Deleted scene from Scary Movie 12 or the opening scene from Scream 4?
When Scream 4’s not trying to shoehorn the above commentary to the film, it actually works as a decent horror movie. It’s the best entry in the franchise since the first film. The new cast mostly work (one big exception, we’ll get to that soon) with Panettiere standing out as the movie obsessed best friend. The old stalwarts and new cast integrates well. It’s also has some funny bits. I enjoyed Anthony Anderson and Adam Brody as the two cops waxing rhapsodic over what kind of law enforcement bite it in movies. After four installments with little deviation from the tried and true, there’s not much to be afraid of. The new has a lot of call backs to the first, in both actions and visual cues. There’s a moment where one duct taped character is pulled from the pantry a la Sidney’s dad, and another where Caulkin’s film nerd is tied to a chair outside in a way that’s a perfect mimicry of the first film’s Steve. The film manages to feel like a reboot while continuing the original narrative.
The only real negative I found to the film was Emma Robert’s wooden performance as Jill. She’s been set up as the new Sidney, but displays none of the warmth or strength of character that Campbell brought to her role. Roberts gives the disaffected performance of someone who believes she’s above the material, and is solely acting on the advice of an agent that the box office from the franchise’s built in base will lead to bigger things. She has a two minute stretch where she goes all Ash that is commendable, but aside from that she’s pretty terrible.
One also gets the sense that Dewey and Gail’s interaction was rewritten on set in order to play off the troubles of the then married couple. The two barely interact in the film, and when they do, it’s almost always adversarial. Neve Campbell makes up for it by acting more invested in the proceedings this go round than the barely-there Scream 3. She actually gets to kick a little ass this time around rather than play the victim on the run that gets the upper hand in the finale.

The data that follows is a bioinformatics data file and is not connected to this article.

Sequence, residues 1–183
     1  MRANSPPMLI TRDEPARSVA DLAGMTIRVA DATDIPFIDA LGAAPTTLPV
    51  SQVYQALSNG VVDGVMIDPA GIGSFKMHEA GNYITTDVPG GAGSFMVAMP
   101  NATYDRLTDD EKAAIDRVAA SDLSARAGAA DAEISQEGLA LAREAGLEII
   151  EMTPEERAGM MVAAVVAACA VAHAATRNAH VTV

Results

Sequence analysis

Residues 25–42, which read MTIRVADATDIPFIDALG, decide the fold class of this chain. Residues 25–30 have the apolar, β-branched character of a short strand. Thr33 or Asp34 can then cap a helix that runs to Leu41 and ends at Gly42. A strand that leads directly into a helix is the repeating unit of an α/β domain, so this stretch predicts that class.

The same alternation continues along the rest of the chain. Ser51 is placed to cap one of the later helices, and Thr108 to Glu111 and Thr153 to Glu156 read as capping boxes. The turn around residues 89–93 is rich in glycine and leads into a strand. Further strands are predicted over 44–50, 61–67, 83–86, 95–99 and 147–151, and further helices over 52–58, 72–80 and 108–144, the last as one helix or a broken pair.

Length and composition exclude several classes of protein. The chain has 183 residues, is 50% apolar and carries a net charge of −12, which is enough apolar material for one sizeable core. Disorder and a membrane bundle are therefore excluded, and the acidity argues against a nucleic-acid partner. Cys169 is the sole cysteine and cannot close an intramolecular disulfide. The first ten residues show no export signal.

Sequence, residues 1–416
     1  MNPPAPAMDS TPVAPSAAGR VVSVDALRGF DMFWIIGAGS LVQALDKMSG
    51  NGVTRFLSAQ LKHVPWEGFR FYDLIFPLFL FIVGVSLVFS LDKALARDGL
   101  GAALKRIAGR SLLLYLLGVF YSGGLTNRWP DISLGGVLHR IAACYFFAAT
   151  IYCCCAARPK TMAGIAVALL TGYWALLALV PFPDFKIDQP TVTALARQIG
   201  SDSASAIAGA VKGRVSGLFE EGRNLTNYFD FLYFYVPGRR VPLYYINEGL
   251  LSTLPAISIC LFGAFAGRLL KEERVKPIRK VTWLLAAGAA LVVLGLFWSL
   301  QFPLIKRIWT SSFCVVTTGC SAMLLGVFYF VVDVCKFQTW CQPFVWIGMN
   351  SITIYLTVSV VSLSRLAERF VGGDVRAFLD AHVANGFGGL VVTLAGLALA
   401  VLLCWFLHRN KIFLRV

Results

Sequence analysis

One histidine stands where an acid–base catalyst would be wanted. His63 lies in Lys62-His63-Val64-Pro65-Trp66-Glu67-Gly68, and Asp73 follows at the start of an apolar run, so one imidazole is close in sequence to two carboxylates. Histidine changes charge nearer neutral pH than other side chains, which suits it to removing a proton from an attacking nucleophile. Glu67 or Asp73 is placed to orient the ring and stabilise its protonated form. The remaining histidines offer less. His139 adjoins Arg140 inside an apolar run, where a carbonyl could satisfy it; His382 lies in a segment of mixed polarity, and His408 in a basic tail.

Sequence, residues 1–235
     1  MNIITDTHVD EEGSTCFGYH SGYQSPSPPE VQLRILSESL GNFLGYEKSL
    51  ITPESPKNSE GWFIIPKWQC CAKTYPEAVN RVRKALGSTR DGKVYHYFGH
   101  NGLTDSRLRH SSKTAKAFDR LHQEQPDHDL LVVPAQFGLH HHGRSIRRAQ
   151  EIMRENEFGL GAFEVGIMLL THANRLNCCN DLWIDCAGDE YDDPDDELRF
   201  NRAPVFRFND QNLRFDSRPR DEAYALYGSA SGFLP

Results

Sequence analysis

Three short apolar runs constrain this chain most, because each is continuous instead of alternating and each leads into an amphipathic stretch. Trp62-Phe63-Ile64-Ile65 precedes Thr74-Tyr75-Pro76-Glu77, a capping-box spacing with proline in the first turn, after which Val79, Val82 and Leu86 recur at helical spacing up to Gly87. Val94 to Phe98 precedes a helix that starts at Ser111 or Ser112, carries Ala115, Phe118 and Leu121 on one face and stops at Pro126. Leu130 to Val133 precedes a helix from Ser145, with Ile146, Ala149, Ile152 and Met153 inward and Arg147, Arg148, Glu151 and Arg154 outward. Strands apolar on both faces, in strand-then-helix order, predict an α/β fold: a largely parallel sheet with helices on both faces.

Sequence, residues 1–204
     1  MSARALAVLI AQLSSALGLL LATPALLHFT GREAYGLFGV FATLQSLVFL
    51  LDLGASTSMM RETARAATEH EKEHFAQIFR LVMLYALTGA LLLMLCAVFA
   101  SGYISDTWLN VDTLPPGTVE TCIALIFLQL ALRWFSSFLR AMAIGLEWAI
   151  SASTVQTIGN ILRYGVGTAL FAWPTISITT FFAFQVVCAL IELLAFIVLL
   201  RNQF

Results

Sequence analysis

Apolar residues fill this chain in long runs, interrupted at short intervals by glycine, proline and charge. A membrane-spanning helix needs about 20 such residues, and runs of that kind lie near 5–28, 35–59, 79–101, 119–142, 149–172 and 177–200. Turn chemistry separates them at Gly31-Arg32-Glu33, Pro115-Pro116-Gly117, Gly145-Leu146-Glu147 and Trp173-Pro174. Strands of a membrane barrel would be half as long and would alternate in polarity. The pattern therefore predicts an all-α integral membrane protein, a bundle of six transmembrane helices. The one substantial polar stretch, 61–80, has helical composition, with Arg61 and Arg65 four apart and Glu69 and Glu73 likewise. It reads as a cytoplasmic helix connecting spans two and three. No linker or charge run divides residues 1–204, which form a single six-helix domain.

So what about the Ghostface reveal? It’s….okay? It’s definitely not as stupid as Roman in Scream 3-which, okay, you can say that about any aspect of this film-but a step down from the first film. The motivation actually mirrors that of the second film-the killer wants to be famous. Though it was delivered in a “oh look at me I’ve gone suddenly crazy after acting normal all this time way” fashion, the idea that someone wants to be famous “just because” fits well into an era where the casts of The Jersey Shores and Real Housewives of Des Moines are household names.
Perhaps I’m viewing Scream 4 from the rosy colored glasses of nostalgia or my lowered expectations heading in, but I enjoyed the film far more than I anticipated. I was on record thinking there was little more to Scream 4 than a desperate grab for cash on the financially strapped Weinstein brothers part, and while that may be true, at least we got a decent film out of the proceedings. Your experience will vary depending on how much you enjoy the first film. If you were in the anti-Scream camp from day one, save your money or go see Insidious again because you won’t like this film. If you’re a fan like me, then Scream 4 makes for a decent bit of closure for the series. Craven’s on record saying he smells another trilogy, but with the body count in this film I don’t see who would be left to bring back.